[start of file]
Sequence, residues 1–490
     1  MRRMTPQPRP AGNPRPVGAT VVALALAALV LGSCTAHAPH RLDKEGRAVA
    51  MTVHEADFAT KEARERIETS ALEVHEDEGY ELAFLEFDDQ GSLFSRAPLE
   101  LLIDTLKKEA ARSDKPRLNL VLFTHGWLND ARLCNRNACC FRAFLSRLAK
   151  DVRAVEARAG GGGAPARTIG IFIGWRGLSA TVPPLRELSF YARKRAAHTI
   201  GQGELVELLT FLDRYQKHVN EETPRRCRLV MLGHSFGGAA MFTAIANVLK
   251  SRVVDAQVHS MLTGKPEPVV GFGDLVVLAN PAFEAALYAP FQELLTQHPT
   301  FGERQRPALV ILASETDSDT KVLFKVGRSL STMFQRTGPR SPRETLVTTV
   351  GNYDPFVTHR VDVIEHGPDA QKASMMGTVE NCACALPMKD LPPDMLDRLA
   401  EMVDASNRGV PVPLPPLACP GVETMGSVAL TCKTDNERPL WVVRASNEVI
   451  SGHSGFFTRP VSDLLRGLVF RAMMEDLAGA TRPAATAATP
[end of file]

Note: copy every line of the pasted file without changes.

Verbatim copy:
Sequence, residues 1–490
     1  MRRMTPQPRP AGNPRPVGAT VVALALAALV LGSCTAHAPH RLDKEGRAVA
    51  MTVHEADFAT KEARERIETS ALEVHEDEGY ELAFLEFDDQ GSLFSRAPLE
   101  LLIDTLKKEA ARSDKPRLNL VLFTHGWLND ARLCNRNACC FRAFLSRLAK
   151  DVRAVEARAG GGGAPARTIG IFIGWRGLSA TVPPLRELSF YARKRAAHTI
   201  GQGELVELLT FLDRYQKHVN EETPRRCRLV MLGHSFGGAA MFTAIANVLK
   251  SRVVDAQVHS MLTGKPEPVV GFGDLVVLAN PAFEAALYAP FQELLTQHPT
   301  FGERQRPALV ILASETDSDT KVLFKVGRSL STMFQRTGPR SPRETLVTTV
   351  GNYDPFVTHR VDVIEHGPDA QKASMMGTVE NCACALPMKD LPPDMLDRLA
   401  EMVDASNRGV PVPLPPLACP GVETMGSVAL TCKTDNERPL WVVRASNEVI
   451  SGHSGFFTRP VSDLLRGLVF RAMMEDLAGA TRPAATAATP